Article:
What might be a direction is in teaching them drama forms that they can use in their own productions or drama lessons. These, such as hot-seating, thought-tracking, split focus, frozen pictures and thoughts aloud, can be used at a relatively early age to ensure that the children’s drama work does not just revolve around boys play-fighting. They then might move their work in drama away from soap opera naturalism and re-enacting football matches or stuff that happened in the playground.

The intention of the Department for Education (DfE) with poetry would be that, of course, children study it and get the chance to write their own, but also that they are introduced to pre-20th century poets. It may be that primary is a bit early for some of these, but Blake’s Songs of Innocence could be useful source material, Wordsworth’s Butterflies is, I know, used successfully in many primaries, and there are elements of Keats, Shelley and Elizabeth Barratt and Robert Browning that are readily comprehensible to younger children (just be careful with the number of murders in Browning).

In terms of literature, it is more difficult, as the same “pre-20th century is good”, “white is good” maxims will be held to apply, and the idea that primary school children will be required to read 500-page Victorian novels stretches credibility a little. However, in terms of connecting children up to traditional literature there is a path from old that might be resurrected without it being too much of a bother. In The Intellectual Life of the British Working Class, Jonathan Rose outlines the working class relationship with literature in the Victorian era: a relationship that was more intimate than our current one.

In that era Rose records that many working class homes had the same four texts: The Bible, Pilgrim’s Progress, Treasure Island and Robinson Crusoe. It would not be too much of an ask to think that primaries might be able to read at least the last three of these, perhaps in years 4 and 5, and that this would be enough to convince the forces arguing for a conservative curriculum that you have offered them enough of a token of conformity for them to leave you alone for a few years.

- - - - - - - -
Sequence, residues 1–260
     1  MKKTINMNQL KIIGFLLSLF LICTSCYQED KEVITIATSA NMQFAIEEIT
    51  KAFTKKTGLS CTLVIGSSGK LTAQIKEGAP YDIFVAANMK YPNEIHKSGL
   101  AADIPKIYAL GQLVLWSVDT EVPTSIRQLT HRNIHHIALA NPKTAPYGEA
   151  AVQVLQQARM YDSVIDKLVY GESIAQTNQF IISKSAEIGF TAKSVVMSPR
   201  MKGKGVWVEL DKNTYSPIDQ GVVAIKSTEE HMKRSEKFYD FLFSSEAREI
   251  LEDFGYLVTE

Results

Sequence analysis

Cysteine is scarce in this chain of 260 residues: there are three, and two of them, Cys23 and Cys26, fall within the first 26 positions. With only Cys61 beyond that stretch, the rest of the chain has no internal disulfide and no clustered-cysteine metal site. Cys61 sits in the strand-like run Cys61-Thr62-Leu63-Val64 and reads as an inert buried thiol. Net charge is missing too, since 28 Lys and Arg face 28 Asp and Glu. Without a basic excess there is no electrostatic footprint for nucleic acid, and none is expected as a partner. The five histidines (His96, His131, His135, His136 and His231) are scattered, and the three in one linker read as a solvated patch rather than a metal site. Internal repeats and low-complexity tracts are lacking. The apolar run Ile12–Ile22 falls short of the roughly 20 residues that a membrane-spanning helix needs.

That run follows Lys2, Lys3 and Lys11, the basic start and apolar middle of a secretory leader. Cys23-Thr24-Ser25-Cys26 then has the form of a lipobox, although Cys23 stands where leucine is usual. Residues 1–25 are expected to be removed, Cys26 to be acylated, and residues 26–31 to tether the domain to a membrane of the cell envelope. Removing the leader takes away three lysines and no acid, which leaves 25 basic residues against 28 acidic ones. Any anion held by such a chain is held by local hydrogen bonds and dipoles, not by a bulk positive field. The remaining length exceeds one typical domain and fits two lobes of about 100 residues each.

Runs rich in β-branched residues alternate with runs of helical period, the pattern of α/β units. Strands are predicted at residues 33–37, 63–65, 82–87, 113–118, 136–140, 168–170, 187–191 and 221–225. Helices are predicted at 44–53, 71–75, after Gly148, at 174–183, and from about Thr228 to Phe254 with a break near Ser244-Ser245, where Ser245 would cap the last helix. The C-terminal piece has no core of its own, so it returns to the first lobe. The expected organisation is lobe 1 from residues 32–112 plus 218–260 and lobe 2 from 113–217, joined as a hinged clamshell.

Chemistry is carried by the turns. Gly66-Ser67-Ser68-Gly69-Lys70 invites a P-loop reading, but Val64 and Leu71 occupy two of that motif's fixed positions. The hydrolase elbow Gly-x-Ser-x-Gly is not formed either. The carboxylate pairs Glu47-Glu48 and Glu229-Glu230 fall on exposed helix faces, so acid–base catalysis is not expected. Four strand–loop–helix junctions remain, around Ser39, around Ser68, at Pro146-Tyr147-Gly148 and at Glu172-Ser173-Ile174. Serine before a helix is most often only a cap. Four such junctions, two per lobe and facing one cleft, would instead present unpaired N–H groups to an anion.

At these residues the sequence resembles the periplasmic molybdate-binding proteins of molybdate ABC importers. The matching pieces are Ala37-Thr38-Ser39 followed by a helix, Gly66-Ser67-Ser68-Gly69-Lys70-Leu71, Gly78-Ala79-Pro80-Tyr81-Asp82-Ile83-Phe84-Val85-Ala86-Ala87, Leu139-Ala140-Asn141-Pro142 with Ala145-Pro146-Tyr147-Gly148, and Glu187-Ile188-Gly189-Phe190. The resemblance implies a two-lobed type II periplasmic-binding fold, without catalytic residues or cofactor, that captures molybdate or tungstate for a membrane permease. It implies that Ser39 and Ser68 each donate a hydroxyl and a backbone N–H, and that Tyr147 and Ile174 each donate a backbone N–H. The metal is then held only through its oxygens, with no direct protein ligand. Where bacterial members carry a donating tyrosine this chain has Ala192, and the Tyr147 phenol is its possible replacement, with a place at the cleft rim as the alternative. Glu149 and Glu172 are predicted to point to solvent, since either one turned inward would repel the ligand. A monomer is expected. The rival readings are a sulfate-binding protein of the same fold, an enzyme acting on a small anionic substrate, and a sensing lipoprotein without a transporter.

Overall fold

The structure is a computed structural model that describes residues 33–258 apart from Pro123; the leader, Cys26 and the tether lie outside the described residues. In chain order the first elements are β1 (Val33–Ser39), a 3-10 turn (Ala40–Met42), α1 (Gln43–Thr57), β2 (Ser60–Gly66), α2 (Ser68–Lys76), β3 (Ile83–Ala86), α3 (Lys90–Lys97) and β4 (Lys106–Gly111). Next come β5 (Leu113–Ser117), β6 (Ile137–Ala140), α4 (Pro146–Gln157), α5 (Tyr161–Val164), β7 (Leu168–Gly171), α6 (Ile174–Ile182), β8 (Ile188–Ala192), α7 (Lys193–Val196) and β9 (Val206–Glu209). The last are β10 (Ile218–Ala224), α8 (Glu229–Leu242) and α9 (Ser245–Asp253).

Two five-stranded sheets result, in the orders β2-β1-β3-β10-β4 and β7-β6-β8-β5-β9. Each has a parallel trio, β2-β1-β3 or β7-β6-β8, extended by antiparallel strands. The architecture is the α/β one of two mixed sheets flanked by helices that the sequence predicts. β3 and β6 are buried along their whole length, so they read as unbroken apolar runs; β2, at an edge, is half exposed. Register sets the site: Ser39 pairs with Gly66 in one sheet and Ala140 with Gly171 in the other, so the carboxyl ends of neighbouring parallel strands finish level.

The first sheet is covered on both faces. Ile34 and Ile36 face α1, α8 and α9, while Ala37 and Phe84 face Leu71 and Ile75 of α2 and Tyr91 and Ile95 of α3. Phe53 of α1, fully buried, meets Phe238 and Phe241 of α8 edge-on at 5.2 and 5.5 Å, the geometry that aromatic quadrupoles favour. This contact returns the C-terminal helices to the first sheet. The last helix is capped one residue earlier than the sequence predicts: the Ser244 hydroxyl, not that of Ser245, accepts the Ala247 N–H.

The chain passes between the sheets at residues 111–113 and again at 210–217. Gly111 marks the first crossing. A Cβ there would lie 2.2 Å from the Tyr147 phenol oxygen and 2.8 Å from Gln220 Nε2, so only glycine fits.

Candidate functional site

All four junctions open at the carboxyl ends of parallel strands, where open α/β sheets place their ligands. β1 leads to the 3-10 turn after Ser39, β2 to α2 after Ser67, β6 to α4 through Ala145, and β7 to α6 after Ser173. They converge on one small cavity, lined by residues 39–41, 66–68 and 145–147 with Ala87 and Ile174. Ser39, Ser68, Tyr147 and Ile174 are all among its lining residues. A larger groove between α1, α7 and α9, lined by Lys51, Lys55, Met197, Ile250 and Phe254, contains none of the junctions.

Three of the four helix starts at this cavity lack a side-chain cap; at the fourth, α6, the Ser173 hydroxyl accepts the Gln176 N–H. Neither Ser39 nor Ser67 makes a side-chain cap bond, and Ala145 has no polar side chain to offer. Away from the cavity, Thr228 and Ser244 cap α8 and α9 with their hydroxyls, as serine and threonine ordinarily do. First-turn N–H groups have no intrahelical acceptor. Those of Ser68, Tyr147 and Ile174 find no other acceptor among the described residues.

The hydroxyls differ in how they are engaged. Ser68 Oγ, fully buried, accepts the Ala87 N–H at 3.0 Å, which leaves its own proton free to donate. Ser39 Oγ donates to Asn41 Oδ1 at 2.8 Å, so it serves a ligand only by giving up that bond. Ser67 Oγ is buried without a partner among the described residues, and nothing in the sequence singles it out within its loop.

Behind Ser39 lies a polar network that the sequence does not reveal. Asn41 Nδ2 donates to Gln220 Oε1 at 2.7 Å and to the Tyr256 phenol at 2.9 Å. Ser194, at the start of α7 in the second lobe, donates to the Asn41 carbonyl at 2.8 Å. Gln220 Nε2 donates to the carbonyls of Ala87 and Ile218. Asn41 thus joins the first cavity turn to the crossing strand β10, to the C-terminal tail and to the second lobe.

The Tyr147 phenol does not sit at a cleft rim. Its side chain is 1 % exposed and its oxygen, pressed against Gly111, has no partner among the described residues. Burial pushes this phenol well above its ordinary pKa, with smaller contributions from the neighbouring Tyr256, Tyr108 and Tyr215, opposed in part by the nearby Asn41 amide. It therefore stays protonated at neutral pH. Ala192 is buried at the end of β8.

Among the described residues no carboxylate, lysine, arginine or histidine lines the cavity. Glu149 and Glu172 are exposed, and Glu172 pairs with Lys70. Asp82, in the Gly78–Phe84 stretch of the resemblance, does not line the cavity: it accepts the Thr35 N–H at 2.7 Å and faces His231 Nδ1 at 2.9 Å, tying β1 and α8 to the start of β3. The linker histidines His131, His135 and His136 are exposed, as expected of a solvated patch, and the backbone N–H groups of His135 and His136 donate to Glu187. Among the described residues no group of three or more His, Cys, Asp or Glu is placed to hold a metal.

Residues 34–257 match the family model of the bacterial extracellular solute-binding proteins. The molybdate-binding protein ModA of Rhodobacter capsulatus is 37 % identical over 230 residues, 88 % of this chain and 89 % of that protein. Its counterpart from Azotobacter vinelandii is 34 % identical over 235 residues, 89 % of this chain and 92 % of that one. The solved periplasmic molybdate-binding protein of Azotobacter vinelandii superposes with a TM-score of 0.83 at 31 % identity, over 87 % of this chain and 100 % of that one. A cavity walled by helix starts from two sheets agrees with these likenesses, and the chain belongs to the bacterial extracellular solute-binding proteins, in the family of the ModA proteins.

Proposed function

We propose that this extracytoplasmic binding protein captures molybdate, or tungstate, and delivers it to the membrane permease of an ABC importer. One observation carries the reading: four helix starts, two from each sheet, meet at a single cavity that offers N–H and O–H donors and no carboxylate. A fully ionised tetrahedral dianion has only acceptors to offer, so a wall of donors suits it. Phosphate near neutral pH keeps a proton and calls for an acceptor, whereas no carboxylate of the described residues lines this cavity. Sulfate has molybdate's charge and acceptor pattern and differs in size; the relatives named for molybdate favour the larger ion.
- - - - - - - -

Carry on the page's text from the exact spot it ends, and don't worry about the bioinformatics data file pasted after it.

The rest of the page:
Of course, all this is to instate the white (chiefly) male traditional culture is the only valid one, and you might be of a mind to resist this as an ugly and characteristically tone-deaf imposition from a government whose authoritarianism has little sense of its own limits.

But there is value, perhaps, in squeezing the little out of this concept that is useful and offering it to children; again, perhaps, this path is more about a box-ticking exercise than it is about providing children with the abilities to criticise the cultural conservatism of a government run by ex-public schoolboys, but implementation of the above plan could be presented to any Ofsted inspector as being a cohesive response to the problem that cultural capital presents to primary heads – and it might even show that you understand the concept rather better than they do.

Alternatively, you might, if you were so inclined, want to teach the children about what is valuable in their own cultures. But that is not what cultural capital on the curriculum is about. What they are seeking here is to link children to the idea that traditional British white culture is the superior form and that children should be taught this.

There are cleverer, more complex ways around this, but the above would be a plan that would get Ofsted off your backs without you having to change the core business of what you do too much.

  • Phil Beadle is an experienced teacher, author, broadcaster and speaker. His latest book The Fascist Painting: What is Cultural Capital? Is out now. Visit https://philbeadle.com/